Oil rises as optimism over U.S. budget grows
Benchmark crude for January delivery was up 43 cents to $88.93 per barrel at late afternoon Bangkok time in electronic trading on the New York Mercantile Exchange.
By PAMELA SAMPSON
The Associated Press
BANGKOK — The price of oil rose Wednesday as worries receded over whether U.S. political leaders would reach a budget deal before a year-end deadline.
Benchmark crude for January delivery was up 43 cents to $88.93 per barrel at late afternoon Bangkok time in electronic trading on the New York Mercantile Exchange. The contract finished down 59 cents at $88.50 a barrel in New York on Tuesday.
U.S. lawmakers have less than a month to reach a compromise to avoid a series of sharp tax increases and spending cuts that take effect in January. Economists believe those measures could send the U.S. back into a recession.
Negotiations have been slow-paced and contentious. Still, many analysts say President Barack Obama and Republicans in the U.S. Congress will eventually reach a compromise to avert the so-called fiscal cliff.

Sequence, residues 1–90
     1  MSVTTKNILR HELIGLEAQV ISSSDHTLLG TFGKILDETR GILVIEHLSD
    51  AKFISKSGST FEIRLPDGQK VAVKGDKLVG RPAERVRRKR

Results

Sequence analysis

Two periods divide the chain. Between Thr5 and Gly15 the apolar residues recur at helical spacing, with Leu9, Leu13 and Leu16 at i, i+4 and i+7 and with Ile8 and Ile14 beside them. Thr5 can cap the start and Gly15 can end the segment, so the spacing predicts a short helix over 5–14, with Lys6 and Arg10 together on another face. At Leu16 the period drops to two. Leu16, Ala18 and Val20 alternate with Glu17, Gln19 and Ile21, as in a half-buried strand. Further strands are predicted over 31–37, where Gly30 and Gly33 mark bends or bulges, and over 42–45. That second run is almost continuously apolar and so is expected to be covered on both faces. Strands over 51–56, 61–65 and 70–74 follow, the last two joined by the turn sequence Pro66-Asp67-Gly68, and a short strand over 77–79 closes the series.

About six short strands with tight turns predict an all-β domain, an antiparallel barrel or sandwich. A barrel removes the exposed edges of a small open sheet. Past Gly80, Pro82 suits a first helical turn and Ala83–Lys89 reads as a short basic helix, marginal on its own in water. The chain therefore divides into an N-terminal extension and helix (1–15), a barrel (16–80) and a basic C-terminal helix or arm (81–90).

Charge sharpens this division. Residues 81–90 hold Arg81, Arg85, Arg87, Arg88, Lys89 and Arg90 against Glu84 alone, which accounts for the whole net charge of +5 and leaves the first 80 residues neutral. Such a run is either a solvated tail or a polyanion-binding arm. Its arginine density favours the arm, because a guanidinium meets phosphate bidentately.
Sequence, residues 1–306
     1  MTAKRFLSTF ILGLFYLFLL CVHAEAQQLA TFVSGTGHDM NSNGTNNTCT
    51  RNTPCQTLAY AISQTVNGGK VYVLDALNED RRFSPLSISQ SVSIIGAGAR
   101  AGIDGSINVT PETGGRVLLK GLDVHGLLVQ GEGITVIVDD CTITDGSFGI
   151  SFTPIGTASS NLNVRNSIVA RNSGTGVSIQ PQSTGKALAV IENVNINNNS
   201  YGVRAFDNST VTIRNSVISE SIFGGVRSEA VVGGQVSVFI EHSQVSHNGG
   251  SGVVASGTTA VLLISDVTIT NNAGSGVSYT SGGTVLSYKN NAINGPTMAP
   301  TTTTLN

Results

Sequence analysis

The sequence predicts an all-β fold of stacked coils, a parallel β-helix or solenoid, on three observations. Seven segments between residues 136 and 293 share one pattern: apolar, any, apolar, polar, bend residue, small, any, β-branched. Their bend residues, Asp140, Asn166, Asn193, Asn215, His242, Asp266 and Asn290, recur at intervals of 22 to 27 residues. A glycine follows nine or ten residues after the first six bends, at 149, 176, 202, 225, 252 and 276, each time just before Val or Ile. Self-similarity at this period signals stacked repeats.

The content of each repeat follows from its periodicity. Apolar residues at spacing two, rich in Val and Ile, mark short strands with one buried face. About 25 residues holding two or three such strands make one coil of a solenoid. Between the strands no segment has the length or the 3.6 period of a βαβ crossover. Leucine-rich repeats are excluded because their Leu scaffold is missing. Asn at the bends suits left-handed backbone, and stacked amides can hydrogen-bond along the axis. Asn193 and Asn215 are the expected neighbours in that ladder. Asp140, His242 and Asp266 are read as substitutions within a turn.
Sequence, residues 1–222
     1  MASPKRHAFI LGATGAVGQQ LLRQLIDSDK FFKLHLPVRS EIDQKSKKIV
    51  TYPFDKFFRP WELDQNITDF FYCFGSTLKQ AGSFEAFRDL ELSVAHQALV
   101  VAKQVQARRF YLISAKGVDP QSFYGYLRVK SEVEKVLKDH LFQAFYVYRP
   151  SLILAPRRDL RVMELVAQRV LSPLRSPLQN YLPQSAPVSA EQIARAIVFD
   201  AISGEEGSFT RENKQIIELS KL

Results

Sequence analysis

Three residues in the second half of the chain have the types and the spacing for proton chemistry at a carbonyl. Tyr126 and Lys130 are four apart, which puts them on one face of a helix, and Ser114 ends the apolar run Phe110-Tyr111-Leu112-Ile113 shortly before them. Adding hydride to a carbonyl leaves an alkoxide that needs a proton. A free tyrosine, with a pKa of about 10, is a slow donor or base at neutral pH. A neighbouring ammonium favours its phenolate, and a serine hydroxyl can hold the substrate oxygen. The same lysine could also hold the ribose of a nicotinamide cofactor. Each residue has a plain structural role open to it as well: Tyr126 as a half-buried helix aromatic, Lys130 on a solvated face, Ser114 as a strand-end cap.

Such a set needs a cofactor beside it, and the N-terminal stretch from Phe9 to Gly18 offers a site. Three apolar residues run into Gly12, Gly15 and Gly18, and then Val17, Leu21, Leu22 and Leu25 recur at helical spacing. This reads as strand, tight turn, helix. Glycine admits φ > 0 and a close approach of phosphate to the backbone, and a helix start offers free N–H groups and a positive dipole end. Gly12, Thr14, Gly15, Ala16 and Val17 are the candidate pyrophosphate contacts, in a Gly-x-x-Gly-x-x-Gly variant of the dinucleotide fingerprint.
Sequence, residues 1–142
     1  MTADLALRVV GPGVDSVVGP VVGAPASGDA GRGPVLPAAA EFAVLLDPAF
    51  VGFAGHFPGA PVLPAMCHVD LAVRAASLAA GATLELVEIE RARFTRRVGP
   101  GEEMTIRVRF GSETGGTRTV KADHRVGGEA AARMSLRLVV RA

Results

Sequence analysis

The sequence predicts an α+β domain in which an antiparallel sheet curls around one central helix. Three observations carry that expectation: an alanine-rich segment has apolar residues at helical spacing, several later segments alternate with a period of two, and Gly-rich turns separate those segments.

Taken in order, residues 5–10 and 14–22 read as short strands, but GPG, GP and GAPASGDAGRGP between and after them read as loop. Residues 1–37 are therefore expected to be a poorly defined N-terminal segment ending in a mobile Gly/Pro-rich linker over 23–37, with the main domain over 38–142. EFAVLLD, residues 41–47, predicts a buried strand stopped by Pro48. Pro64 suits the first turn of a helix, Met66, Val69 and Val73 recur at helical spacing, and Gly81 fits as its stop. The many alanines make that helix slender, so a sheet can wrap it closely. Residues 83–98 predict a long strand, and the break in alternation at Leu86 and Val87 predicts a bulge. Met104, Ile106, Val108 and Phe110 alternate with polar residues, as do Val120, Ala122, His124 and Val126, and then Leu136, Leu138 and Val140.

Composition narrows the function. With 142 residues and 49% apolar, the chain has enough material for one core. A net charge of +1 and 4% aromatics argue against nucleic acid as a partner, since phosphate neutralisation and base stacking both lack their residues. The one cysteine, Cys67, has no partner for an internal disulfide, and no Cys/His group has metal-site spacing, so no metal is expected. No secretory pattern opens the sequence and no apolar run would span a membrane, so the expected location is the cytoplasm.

Analysts at DBS Bank Ltd. in Singapore said that some lawmakers and business leaders "have painted a positive outlook for US economy if the cliff is averted in a timely fashion."
Such upbeat views help lift oil prices on the assumption that energy consumption will increase if the economy improves.
Brent crude, which is used to price international varieties of oil, rose 25 cents to $110.09 on the ICE Futures exchange in London.
In other energy futures trading on the Nymex:
— Heating oil rose 2.3 cents to $3.027 a gallon.
— Natural gas fell 0.2 cent to $3.537 per 1,000 cubic feet.
— Wholesale gasoline rose 0.2 cent to $2.691 a gallon.
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